• Compiling the monthly regional report for our Gold Wing Owner's Club of Great Britain (GWOCGB) newsletter from all the information and photos which members sent me. Lots going on as we are in the season with Wingers spreading out to all parts of the UK for Wing Dings and Europe for International Treffens. Our British Treffen is at the showground in Carmarthen, Pembrokeshire this year. I remember the first time we went there and had a lovely ride to Tenby before we marshalled on the Parade of Nations which goes through the town to the claps and cheers of spectators. It is an amazing sight to go into the main hall and see all the nations' flags strung from the roof.
    At the British International Treffen, Wadebridge 2010
    You don't have to be a member of the Club to attend - it helps but not mandatory. You don't even have to own a Gold Wing - but after going to a Treffen I bet that it will be at the top of your shopping list!
  • OH entered Kindle world and we had fun and games downloading the apps needed to download and read an on-line magazine - a special one.
  • On the Kindle front, I recently read the third and final part of The Widow Maker's Trilogy. A review is at the top of my to-do list. The whole trilogy is a must read and will give you an insight into North Wales long ago. . . .
  • I had a potter in the garden, tidying up pots and a small border.
  • A few months ago, I was invited by author Sonia Marsh - no relation - in the US to submit 'My Gutsy Story' for the monthly competition and possible inclusion into her next anthology. Last week, Sonia heard that she had won the Benjamin Franklin Digital Award at the International Book Awards for her first anthology of sixty-four authors' 'Gutsy Stories'. Congratulations to Sonia.
  • Finally, last week I selected and had printed photos from our Golden Wedding at the end of March. I put these in an album together with all the lovely cards which friends and family sent to us. I also framed a large family photo. It is not often we are all together and amazing to see how the family has grown - in more ways than one. Truly a wonderful memento of a wonderful day. (Now you will all be trying to guess my age. Suffice to say that I was a child bride!
I have had my 'travel' head on again, pondering about a road trip into France and the Pyrenees again. Not this year but it does take some thinking about plus one of my favourite activities -planning travel with real maps.

Rosalie xx

Monday, 2 June 2014

Movers and Shakers in the Digital Publishing World

Well, Smashwords certainly are shaking up the publishing world, to the benefit of indie authors and publishers I hasten to add. Three years we thought long and hard before jumping into the ePub world with Smashwords. I make no apologies for devoting much of this post to the latest developments as results speak for themselves.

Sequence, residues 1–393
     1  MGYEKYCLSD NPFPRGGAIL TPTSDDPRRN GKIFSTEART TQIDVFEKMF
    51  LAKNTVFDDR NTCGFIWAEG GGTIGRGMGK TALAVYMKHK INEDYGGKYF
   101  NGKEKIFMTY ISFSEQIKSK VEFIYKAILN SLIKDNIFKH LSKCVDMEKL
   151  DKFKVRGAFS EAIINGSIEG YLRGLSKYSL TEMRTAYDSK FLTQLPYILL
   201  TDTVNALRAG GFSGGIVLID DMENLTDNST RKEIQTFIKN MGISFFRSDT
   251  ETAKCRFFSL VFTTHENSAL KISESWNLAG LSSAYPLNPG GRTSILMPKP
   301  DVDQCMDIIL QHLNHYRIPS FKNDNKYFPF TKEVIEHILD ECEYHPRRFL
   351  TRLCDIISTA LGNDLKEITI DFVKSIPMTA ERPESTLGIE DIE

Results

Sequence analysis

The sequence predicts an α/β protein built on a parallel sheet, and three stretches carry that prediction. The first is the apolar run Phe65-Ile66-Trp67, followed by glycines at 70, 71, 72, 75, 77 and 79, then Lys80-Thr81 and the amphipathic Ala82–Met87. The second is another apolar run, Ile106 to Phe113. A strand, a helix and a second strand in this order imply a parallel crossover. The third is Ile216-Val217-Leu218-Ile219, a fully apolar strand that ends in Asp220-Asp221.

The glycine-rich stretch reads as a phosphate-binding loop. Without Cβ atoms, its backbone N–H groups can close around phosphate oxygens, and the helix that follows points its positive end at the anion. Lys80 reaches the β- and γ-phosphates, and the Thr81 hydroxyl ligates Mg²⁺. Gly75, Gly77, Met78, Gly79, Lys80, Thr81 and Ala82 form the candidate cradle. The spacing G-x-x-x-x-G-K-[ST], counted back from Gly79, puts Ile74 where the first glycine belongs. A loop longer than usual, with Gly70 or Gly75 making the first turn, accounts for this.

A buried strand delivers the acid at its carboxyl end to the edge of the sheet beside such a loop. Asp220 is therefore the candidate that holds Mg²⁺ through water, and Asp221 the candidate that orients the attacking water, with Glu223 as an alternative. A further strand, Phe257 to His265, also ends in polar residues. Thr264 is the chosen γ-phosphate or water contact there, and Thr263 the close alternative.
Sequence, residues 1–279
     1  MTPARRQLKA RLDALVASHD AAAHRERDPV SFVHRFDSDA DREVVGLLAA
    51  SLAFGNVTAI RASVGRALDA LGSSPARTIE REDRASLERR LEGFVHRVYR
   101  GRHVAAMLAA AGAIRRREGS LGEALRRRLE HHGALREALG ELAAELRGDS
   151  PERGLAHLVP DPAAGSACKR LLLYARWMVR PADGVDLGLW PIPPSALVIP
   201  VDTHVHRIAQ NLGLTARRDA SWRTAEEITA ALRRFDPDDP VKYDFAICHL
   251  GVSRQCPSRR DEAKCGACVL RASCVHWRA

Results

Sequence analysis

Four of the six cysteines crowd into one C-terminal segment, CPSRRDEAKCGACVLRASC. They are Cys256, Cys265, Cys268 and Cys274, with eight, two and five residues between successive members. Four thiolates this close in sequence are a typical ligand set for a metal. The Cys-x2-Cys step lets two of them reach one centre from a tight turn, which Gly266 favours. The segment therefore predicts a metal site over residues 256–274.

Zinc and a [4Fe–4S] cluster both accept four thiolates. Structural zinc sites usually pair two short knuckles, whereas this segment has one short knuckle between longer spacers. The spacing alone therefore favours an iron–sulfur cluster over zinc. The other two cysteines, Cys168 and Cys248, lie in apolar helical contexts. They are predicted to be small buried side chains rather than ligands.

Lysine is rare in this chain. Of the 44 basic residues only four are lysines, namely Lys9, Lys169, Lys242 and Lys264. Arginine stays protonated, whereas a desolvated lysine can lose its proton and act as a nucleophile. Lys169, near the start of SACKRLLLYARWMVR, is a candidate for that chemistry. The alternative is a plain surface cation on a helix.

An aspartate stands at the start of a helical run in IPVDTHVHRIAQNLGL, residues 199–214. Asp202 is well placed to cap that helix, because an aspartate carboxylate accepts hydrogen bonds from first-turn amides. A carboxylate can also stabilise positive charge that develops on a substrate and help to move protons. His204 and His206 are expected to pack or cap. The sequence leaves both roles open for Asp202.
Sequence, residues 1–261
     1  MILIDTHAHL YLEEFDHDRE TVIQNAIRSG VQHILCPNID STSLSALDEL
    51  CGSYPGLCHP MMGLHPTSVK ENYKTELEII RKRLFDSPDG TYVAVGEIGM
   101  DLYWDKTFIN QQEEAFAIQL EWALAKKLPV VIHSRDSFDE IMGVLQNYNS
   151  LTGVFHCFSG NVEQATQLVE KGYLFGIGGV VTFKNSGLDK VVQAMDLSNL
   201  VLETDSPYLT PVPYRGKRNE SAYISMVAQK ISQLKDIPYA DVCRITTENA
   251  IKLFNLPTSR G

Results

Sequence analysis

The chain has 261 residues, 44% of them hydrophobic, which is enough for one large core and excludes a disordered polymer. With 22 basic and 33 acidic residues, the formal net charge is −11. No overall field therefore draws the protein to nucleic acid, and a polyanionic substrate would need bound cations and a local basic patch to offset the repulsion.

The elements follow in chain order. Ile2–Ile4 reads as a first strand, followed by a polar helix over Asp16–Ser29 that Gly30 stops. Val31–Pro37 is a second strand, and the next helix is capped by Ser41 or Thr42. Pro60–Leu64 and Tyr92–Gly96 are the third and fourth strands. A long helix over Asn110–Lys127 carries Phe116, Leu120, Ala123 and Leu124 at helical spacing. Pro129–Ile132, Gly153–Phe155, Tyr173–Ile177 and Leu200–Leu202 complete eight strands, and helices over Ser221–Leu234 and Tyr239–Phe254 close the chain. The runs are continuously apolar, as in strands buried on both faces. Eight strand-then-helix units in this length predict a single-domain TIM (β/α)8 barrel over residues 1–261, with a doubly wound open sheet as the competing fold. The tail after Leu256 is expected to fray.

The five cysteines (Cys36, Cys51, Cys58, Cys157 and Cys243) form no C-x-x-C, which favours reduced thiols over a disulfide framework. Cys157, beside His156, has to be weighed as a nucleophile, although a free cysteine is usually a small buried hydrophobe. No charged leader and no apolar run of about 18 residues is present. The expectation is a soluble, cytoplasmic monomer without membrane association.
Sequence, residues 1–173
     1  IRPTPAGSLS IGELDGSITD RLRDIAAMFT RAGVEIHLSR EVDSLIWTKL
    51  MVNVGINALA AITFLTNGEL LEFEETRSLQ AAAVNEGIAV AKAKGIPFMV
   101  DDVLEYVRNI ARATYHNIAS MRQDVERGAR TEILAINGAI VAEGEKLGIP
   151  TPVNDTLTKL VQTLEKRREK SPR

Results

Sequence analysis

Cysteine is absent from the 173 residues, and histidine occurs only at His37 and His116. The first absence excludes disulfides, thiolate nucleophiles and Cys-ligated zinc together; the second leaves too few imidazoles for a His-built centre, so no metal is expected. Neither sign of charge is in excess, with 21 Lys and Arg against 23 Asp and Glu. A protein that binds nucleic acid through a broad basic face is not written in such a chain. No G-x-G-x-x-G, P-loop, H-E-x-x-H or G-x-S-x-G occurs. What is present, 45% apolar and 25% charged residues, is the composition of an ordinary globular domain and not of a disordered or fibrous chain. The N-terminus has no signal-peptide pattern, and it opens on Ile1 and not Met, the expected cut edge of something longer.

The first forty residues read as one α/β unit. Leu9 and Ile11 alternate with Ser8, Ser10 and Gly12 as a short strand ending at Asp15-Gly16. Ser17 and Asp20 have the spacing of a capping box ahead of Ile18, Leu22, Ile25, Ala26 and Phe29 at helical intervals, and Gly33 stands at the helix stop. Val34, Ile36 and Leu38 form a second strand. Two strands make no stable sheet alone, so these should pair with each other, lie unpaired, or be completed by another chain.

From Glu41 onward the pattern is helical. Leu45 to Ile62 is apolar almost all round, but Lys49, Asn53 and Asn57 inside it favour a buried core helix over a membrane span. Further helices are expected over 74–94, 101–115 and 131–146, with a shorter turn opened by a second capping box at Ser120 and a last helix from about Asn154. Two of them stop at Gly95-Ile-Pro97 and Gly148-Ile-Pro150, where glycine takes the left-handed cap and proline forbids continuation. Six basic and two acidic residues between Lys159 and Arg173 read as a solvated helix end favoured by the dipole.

Digital Distribution.   

Why choose Smashwords for digital distribution? Quite simple really. We could submit a cleanly formatted Word document for their special software to convert to the ePub format and auto-vet for errors. We would then validate the ePub file and correct any errors at our end while it was going through the manual vetting process to ensure that it met retailer's quality submission requirements - in particular Apple. The software converted to other formats for reading on personal computers for example but it was the nitty gritty problem of ePub and distribution to major retailers which was the key. No going through a range of aggregators (the people who upload to different retailers.)

Providing that all stringent quality formatting requirements are met, the titles automatically go into the Smashwords' Premium Catalogue. This was our goal, as from there the title was shipped to major global retailers such as Apple (who carry out their own quality checks) Barnes & Noble for Nook, Kobo to name a few. It was such a cause for celebration when the first titles appeared and have continued to do so.

Since then (2011), the Smashwords reach has spread dramatically with distribution agreements to libraries and, more recently, subscription channels such as Scribd. (whom Mark reported had improved their Copyright Protection Systems, removing unauthorised copies of books , Oyster, and more recently to e-retailer txr.com who also power the e-book store for Foyles, a large UK bookseller. We have already broken through into the Scribd subscription market. At $8.99 USD per month, subscribers have access to a mind-boggling range of titles to browse or download. Click here. (The first book with the hunky male isn't one of my titles!)

Little fishes.

Being a small fish in a big pool, it is heartening to find that our global reach for e-books stretches as far as it does and this would not have been possible without the innovation of Mark at Smashwords. We are actually finding the Kobo is our biggest selling ePub retailer with Just Us Two:Ned and Rosie's Gold Wing Discovery consistently topping our chart in Canada, New Zealand and GB.. Overall, through the various distribution channels to which we upload all titles in formats such as print, Kindle, Adobe *pdf, ePub,we are reaching as far afield as China, Australia, Japan, as well as US, Canada UK and Europe.